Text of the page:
The Henna Wars is a contemporary YA novel about a girl who starts a henna business for a school project and finds herself with a crush on her rival. Nishat has a lot going on: she’s just come out to her parents, who are having trouble accepting a Bengali girl could be a lesbian, and she’s determined to create a successful henna business for her school business project. However, hers isn’t the only henna business as part of the competition, and Nishat finds herself rivals with Flávia, a girl she used to know at primary school who’s now at the same Irish all-girls school as her.
This book has had a lot of hype around it, and it is certainly distinctive, both through the henna rivals premise and just the fact it is a YA novel set at an Irish school. Nishat is a good protagonist, with realistic teen flaws like a tendency to become focused on her own issues and goals at the expense of others’, and her relationship with her sister is a highlight of the book, as they support and bicker with each other. The reader gets to see a lot of Nishat’s emotions and delve into Bengali culture and ideas around cultural appropriation, and it’s good to see how much Nishat wants to stay true to herself.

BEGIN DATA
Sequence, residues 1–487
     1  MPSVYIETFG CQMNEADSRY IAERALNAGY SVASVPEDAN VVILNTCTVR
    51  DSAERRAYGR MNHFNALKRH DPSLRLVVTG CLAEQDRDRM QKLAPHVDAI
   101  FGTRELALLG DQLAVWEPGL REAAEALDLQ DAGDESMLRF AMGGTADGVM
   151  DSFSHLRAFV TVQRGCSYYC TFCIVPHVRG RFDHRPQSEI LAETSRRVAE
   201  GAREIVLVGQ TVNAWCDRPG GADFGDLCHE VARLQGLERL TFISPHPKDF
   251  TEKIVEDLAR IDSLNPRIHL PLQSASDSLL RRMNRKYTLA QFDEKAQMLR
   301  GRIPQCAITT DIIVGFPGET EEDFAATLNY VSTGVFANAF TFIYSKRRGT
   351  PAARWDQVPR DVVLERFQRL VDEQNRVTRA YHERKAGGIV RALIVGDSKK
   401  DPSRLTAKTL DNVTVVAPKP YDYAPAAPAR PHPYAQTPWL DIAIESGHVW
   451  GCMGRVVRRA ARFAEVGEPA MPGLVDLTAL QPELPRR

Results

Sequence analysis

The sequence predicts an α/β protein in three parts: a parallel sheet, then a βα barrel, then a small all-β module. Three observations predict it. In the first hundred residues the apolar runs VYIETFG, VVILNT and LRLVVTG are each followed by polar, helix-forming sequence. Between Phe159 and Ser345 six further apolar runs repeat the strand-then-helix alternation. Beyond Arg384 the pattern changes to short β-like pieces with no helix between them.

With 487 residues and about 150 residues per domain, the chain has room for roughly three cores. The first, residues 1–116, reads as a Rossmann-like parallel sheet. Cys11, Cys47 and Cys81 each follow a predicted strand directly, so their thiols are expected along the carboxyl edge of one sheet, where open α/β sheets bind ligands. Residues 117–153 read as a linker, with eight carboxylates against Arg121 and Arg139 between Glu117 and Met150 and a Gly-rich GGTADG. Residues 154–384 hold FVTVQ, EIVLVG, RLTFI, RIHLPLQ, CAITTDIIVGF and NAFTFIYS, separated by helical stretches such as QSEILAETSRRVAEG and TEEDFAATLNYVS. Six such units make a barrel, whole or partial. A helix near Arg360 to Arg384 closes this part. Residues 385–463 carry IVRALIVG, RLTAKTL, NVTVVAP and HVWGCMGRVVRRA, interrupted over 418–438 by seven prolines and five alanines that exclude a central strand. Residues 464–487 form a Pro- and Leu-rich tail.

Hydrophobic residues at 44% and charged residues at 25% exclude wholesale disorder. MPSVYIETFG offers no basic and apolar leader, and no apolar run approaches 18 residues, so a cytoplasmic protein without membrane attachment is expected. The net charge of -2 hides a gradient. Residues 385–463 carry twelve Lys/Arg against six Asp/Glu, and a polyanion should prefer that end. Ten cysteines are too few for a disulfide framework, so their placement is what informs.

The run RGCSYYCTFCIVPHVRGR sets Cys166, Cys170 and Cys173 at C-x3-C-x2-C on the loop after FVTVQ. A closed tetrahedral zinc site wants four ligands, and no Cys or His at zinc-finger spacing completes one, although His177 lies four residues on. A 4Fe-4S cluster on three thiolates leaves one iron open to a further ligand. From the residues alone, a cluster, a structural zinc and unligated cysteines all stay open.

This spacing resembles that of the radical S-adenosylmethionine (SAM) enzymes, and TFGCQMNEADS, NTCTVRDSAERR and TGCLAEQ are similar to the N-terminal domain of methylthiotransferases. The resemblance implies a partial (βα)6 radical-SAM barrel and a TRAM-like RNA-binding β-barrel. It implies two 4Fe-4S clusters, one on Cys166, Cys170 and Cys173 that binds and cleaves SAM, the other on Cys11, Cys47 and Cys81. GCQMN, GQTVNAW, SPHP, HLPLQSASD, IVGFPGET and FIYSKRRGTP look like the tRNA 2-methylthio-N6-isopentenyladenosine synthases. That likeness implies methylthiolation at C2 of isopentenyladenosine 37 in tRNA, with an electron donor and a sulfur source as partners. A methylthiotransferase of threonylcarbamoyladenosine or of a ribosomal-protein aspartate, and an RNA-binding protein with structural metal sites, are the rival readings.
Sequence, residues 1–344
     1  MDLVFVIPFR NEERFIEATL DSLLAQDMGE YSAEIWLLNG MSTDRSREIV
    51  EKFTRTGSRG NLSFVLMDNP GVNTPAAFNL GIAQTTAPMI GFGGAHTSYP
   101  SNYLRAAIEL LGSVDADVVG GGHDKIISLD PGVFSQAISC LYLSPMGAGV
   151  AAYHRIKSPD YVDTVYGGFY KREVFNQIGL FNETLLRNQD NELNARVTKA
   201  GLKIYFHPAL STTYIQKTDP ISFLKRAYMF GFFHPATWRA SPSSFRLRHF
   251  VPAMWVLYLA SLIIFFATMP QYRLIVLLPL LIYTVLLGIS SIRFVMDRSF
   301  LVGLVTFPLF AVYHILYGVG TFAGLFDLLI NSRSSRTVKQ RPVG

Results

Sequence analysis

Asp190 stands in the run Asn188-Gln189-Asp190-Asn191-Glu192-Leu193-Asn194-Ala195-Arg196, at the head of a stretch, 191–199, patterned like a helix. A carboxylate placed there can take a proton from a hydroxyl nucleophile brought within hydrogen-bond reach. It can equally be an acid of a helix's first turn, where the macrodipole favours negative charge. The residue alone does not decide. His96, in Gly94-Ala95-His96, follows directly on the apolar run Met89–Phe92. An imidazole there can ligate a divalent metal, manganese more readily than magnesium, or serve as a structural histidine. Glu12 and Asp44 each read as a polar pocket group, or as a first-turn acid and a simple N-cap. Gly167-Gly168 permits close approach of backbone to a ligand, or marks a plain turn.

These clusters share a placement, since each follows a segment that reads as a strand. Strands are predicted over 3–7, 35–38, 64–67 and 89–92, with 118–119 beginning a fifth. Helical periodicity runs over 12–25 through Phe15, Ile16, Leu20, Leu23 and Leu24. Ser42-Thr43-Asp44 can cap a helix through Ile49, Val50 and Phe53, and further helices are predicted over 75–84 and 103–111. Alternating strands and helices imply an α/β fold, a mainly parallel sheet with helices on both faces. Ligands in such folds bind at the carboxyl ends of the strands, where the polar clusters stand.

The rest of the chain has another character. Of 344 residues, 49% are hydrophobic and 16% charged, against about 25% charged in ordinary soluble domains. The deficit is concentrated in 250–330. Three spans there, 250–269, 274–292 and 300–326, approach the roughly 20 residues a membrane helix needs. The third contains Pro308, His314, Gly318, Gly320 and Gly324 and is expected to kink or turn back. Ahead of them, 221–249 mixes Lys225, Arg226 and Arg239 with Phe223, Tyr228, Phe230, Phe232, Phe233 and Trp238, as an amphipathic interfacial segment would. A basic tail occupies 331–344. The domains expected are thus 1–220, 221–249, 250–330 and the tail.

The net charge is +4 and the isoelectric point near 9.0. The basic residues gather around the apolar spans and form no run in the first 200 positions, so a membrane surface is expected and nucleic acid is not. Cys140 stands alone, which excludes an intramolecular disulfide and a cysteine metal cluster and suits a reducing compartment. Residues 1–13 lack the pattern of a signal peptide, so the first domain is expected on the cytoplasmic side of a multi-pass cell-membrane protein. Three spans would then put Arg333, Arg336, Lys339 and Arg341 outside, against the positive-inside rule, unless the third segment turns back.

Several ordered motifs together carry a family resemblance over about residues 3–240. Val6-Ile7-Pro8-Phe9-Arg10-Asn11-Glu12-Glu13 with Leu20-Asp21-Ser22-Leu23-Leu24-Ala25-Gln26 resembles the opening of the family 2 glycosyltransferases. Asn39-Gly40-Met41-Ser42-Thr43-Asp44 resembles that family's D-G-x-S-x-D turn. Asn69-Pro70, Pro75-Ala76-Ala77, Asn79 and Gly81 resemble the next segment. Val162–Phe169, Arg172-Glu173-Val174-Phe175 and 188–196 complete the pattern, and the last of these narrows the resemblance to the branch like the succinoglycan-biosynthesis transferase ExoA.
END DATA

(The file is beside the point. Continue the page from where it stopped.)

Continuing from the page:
Part of the plot later in the book does revolve around a forced outing to the whole school, which is a trope used in YA books that I feel doesn’t need to be used so often, and which often isn’t then dealt with in ways that feel supportive towards the character or teenagers reading the book. There’s a lot of plot in The Henna Wars, which meant there perhaps wasn’t enough space to deal more with how Nishat was treated at school after that, or even how her friends reacted. It also felt like some important conversations were cut off or skirted around, and it might’ve been nice to see these followed up on for more resolution.
A readable story with a great protagonist, The Henna Wars is a young adult novel that offers a powerful perspective about staying true to yourself and a teenage love story featuring characters who have to grow and try to learn from their actions.